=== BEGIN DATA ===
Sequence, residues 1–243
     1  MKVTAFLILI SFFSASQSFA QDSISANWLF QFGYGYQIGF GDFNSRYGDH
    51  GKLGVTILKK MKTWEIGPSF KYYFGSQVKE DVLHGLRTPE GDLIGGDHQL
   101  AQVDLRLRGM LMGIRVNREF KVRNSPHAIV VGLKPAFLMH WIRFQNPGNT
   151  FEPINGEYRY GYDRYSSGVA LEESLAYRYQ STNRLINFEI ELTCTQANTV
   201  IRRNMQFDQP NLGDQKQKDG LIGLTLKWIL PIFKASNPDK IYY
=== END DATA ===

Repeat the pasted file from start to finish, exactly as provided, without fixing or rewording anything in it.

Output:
Sequence, residues 1–243
     1  MKVTAFLILI SFFSASQSFA QDSISANWLF QFGYGYQIGF GDFNSRYGDH
    51  GKLGVTILKK MKTWEIGPSF KYYFGSQVKE DVLHGLRTPE GDLIGGDHQL
   101  AQVDLRLRGM LMGIRVNREF KVRNSPHAIV VGLKPAFLMH WIRFQNPGNT
   151  FEPINGEYRY GYDRYSSGVA LEESLAYRYQ STNRLINFEI ELTCTQANTV
   201  IRRNMQFDQP NLGDQKQKDG LIGLTLKWIL PIFKASNPDK IYY